“Green” proposal for CSO control in Barton basin
Barton CSO basin project area
Examples of streets with GSI (Seattle and Port Townsend) - Slide 27
Example GSI concept in Barton subbasin 416 - Slide 25
Typical GSI construction area - Slide 44
Source: Green Stormwater Infrastructure presentation, August 5, 2010 (PDF)
King County plans to design and build green stormwater infrastructure (GSI) to control combined sewer overflows (CSOs) in the Barton basin. The GSI project will consist of planted areas between sidewalks and curbs in the Sunrise Heights and Westwood neighborhoods in West Seattle. Also known as “raingardens,” GSI refers to engineered infrastructure used to manage stormwater. GSI uses soils and vegetation, in combination with other decentralized storage and infiltration approaches to infiltrate, evaporate, capture, and reuse stormwater. In the Barton basin, raingardens, plantings, and street trees in the City of Seattle-owned right-of-way will be designed to capture and reduce the amount of peak stormwater flows that would enter the combined sewer system to reach the control target of no more than one overflow per year on a long-term average. This is the first “green” project King County Wastewater Treatment Division will implement for flow control in the conveyance system. King County will work closely with project neighbors and the West Seattle community throughout design, construction, and into operations.
How community input informed the decision process
Since late 2009, county staff has been meeting with neighborhood residents. In March 2010, King County presented three proposals for CSO control in Barton. The county’s project team hosted a public meeting, a technical information session to help people more fully understand the GSI option, and a meeting in fall 2010 to hear about an additional alternative proposed by the community. People had opportunities to provide feedback at a public meeting, on the Web, and by email, mail, and phone to project staff.
King County’s project team used input from the community along with a range of selection factors and updated technical information to evaluate alternatives. Community questions and concerns related to project design and construction will be carried forward as King County continues to work with the Barton community throughout the project.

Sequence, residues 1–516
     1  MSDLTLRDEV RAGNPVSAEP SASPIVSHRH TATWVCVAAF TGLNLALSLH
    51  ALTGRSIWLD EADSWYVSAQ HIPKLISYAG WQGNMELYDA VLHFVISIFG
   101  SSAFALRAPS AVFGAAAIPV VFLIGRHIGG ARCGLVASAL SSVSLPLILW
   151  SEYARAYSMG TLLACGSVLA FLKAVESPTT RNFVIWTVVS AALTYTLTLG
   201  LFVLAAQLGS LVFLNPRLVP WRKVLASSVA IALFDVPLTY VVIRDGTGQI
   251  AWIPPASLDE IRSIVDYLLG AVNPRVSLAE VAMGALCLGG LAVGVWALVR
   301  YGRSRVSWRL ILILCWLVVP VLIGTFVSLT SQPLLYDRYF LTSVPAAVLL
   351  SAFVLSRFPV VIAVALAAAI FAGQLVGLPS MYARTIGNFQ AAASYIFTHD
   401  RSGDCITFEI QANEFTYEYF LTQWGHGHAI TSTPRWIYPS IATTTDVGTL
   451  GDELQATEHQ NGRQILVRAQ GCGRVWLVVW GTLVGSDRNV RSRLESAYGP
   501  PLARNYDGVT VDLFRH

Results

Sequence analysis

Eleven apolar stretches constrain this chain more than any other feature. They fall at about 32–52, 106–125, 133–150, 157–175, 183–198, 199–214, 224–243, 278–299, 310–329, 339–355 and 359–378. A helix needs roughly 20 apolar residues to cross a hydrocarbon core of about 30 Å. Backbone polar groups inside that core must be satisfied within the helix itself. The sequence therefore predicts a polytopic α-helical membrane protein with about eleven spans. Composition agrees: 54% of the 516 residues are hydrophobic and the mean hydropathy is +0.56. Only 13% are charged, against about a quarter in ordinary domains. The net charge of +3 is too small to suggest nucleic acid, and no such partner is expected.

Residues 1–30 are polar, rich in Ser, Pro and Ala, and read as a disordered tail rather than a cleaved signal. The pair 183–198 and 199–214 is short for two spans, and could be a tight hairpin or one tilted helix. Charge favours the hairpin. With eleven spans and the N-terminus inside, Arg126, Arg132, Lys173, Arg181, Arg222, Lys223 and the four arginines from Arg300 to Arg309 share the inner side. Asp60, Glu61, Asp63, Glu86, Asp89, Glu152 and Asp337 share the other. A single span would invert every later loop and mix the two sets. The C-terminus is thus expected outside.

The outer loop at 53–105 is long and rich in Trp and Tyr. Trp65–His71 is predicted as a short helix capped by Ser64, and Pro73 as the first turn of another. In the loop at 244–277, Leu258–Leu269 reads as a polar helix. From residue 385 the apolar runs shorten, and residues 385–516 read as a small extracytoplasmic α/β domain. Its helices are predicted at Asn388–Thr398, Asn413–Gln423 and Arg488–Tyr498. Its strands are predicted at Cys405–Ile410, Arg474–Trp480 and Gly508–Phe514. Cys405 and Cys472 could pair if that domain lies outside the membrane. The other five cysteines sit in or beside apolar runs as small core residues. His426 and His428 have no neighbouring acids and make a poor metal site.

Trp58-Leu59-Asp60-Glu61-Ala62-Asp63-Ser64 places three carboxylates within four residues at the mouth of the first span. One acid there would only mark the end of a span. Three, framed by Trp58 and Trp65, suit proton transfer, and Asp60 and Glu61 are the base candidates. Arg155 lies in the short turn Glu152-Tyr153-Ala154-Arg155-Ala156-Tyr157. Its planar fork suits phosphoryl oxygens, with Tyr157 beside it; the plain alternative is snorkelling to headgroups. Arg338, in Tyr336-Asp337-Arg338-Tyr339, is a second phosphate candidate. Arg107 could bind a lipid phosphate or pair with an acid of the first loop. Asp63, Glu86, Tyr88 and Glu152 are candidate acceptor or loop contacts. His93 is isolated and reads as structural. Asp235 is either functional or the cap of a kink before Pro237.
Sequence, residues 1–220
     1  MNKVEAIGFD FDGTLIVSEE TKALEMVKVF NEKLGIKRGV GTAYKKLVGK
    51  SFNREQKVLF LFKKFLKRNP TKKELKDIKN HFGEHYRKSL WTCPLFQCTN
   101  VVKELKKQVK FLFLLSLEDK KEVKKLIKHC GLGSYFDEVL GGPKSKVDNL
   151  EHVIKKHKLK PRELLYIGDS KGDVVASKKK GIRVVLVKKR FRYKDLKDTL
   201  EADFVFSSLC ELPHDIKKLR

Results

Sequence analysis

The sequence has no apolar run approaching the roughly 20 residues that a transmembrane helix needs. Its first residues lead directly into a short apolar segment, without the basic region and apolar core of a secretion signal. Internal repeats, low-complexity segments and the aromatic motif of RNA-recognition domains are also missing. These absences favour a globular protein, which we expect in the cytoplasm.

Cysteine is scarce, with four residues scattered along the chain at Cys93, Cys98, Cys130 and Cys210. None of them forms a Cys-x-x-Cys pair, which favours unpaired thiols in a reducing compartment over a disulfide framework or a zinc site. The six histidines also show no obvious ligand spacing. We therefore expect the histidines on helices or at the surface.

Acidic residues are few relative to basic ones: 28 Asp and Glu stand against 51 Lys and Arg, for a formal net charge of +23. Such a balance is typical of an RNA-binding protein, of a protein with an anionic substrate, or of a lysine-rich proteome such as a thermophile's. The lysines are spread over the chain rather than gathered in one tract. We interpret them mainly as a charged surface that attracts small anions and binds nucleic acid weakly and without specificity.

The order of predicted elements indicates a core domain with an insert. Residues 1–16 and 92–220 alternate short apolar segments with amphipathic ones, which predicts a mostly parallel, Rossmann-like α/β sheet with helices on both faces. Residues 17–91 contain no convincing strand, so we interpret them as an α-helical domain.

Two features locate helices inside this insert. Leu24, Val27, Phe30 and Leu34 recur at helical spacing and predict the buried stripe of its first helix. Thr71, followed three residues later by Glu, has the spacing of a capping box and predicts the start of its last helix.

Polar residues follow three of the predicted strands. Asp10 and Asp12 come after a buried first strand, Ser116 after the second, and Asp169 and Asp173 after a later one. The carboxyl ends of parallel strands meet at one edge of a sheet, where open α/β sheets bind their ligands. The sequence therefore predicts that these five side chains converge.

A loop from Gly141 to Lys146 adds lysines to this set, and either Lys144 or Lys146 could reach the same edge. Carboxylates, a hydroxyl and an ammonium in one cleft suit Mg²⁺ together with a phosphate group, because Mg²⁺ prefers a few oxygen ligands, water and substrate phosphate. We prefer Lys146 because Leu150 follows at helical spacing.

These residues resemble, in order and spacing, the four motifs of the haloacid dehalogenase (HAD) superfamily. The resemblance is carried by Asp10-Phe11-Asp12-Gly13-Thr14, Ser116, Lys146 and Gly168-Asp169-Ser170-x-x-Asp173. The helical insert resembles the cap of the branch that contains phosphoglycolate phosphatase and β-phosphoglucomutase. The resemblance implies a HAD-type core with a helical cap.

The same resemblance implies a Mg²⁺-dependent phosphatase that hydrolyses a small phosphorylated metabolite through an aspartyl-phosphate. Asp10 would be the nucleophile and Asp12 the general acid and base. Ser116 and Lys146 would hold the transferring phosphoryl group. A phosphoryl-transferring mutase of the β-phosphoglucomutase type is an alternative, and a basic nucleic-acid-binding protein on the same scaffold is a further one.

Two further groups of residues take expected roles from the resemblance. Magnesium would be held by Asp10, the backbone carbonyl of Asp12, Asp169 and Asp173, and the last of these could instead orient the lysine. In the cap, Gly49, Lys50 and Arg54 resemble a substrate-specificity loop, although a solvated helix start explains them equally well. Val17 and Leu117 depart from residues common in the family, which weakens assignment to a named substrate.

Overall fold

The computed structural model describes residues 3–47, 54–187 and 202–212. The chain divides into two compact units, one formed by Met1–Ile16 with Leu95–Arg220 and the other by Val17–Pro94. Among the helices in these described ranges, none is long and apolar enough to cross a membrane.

Barton CSO Control Project- Green Stormwater Infrastructure
The recommended proposal involves use of planting strips in the City-owned right-of-way on approximately 66 blocks (see map). This option for CSO control provides a number of benefits:
- Vegetation allows stormwater runoff to infiltrate into soil rather than entering the combined sewer system. By maximizing use of natural processes, the project supports the region’s commitment to energy conservation and sustainability.
- King County will work with the neighborhood to enhance street aesthetics, minimize parking impacts, and respond to neighborhood preferences for the project.
- The project does not require any operating facilities, and responds to many West Seattle residents who expressed strong support for a “green” solution.
- This approach significantly reduces the risk of combined sewer overflows at Barton and reduces flows to the Murray Basin.
Project elements (see map) include:
- Existing planting strips landscaped and planted for retention of stormwater
- Widened planting strips on some streets
- Curb cuts allowing water to enter and exit raingardens
- Access to residences from the street, as needed
What is next
- King County continues to work with project neighbors and the Barton community throughout design and construction
- Many opportunities to be involved in this project are still to come, beginning in early 2011, when the State Environmental Policy Act (SEPA) review of the recommended proposal will begin with a threshold determination and formal comment period.
- Construction may take up to 2 years and is expected to begin no later than December 2013.
- King County will monitor and maintain GSI installed for CSO control in this area.
What we heard from Barton stakeholders
Community members provided King County with a robust level of input during the alternatives evaluation process, attending meetings, contacting staff, taking online surveys, and mailing in comment forms.
- For the GSI alternative,
- Support for this approach to control CSOs
- Concerns about potential for flooding, drainage, or landslide problems associated with infiltrating stormwater
- Concerns about potential impacts to cultural resources, vegetation, and green space adjacent to the proposed storage alternative for Upper Fauntleroy Way SW
- Support for locating an underground storage facility at the former Fauntleroy School site, and also concerns about impacts of this alternative on businesses and nearby areas
- Concerns about the proposed Lincoln Park alternative due to potential construction impacts on traffic, public recreation access, vegetation and wildlife